BELOIT —Sharing meaningful stories and bringing attention to less often told history is at the core of Beloit native Cheryl Caldwell’s mission.

Last year she launched her own website, the African American Historical Society of Beloit. Her efforts have brought more attention to the importance of African American community members in Beloit and have helped record pieces of local history.

“With Facebook and my interactions, I’m just blown away by how many people my stories have reached. I’m quite pleased with how everything has turned out,” Caldwell said.

Caldwell said while doing research, she couldn’t locate detailed records on the local Black community and felt more needed to be done to share those missing links.

She became inspired to launch a website and social media page, and did so on March 18, 2020. In the year since, Caldwell said she has been able to reach a wide audience to share stories with and get in touch with others to tell their stories and show photos.

Many stories and historical records featured on Caldwell’s website focus on the journey of African Americans who traveled north during the Great Migration around the early 1920s.

For more information on the African American Historical Society of Beloit, visit www.aahsb.com, or see the Facebook page.

Cheryl Caldwell, 65, is married to Jim Caldwell, 66, a retired NFL coach for multiple teams including the Detroit Lions and Indianapolis Colts.

Both are proud graduates from Beloit Memorial High School’s Class of 1973. They currently live in Clemmons, North Carolina.

Cheryl and Jim Caldwell are also the creators of a documentary titled “Through Their Eyes: The History of African Americans in Beloit, Wisconsin from 1836 to 1970.”

“We still hold Beloit very near and dear to our hearts,” Caldwell said.” Beloit is still home to us.”

Caldwell’s own ancestors migrated north from Mississippi and built a life in Beloit.

During Black History Month this February, Caldwell has been posting about every day to share one story or another.

One story that carries great significance for Caldwell involves her relative, Frank Clarke, who was the first American American man from Beloit to play in the NFL.

She also grew up next door to Jerry Kenney, who went on to play for the New York Yankees.

“That was pretty neat; they were like family to us,” Caldwell said. “I have a lot of personal stories that are near and dear to me.”

Caldwell’s website also features stories about many African Americans who served in the U.S. military, including retired Army General Marcia Anderson, a Beloit native who was the first Black woman to earn the rank of major general. Caldwell said trailblazers like Anderson are an inspiration to others.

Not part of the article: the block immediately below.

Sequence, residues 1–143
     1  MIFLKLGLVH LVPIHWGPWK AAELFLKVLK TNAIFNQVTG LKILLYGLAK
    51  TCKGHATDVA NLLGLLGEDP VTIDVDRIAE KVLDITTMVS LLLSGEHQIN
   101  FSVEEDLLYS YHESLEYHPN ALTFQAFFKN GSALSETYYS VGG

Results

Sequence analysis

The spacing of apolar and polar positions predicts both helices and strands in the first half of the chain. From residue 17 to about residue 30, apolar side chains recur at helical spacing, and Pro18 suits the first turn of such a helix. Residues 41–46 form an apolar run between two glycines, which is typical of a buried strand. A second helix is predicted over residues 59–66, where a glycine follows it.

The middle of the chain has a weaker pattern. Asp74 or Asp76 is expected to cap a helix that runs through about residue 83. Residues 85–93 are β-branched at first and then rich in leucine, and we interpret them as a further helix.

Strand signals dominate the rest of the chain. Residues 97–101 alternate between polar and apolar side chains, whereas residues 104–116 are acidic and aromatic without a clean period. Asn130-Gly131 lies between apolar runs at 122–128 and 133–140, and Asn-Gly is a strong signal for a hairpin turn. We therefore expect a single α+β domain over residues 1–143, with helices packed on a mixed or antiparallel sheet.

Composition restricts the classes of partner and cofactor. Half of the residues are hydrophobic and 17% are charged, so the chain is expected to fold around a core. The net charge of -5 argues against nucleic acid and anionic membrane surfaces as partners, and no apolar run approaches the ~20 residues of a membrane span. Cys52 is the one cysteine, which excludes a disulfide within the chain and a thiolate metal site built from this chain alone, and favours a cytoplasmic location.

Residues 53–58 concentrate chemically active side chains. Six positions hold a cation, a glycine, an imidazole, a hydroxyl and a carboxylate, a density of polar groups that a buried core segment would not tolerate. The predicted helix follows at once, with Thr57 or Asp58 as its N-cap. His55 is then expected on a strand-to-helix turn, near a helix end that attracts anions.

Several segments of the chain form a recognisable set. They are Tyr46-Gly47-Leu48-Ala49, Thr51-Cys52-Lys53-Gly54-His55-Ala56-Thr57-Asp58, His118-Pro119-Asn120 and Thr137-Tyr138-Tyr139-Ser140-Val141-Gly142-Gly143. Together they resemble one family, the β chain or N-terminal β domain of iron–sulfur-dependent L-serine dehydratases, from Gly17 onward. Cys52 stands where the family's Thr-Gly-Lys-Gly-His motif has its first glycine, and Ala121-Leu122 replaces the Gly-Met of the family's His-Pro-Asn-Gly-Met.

Ellen Joyce, Associate Professor and Chair of History at Beloit College, applauds Caldwell’s efforts to document local history.

“It became clear to me that this is really such a rich history, that it makes me glad that she’s made it her mission to make it accessible for people,” Joyce said. “I’m just delighted that she’s doing this.”

In 2018, Joyce said she was inspired by fellow professor and U.S. historian Beatrice McKenzie to organize a History Harvest event for her students.

That year’s History Harvest program involved community members bringing in photos, artifacts and stories to share with students for their research.

Joyce said her class took photos of the items and met with visitors to learn all they could about the lived experiences of African Americans in Beloit. Her students then cultivated their research into a website to share those stories.

“It was a really great experience for the students who were involved in it,” Joyce said.

Joyce recalled that Caldwell was in town at the time and had stopped by to share a wealth of information. She brought in items such as her grandfather’s badge from Fairbanks Morse and some pay stubs. The badge still had traces of soot on it.

“What she’s doing is really important,” Joyce said. “It’s a story of all of Beloit.”

When the influx of African Americans migrated to Beloit, they faced racism and descrimination.

“In a sort they had to create their own community, their own businesses,” Caldwell said. “Beloit didn’t always welcome them in certain arenas with open arms. That was real.”

Through her online engagements, Caldwell said some readers are surprised to learn how extensively African Americans were discriminated against in Beloit, with many aspects of life closed off to them.

Caldwell said some realtors would not sell homes to African Americans in the 1930s. Her grandmother participated in a sit-in at a local restaurant to protest segregation. Black community leaders had to form their own Boy Scout troop. A local swimming pool did not allow Black citizens to visit. One gentleman could not order food or drinks at a bowling alley.

She described many stories as “lightning rods” of history and a show of perseverance to overcome barriers.

“I say to myself, ‘we cannot rewrite history, we cannot change that, but we can bring it to the forefront and let people know that it exists,’” Caldwell said.

Caldwell said Black migrants paved the way for future generations to live in a more equal society and continue to stand up against injustices.

When the pandemic is over, Caldwell said she plans to visit Beloit and hold seminars to spread the word among local community members.

“I just want them to know that there were people before them and what they did,” Caldwell said. “This is just my way of helping out.”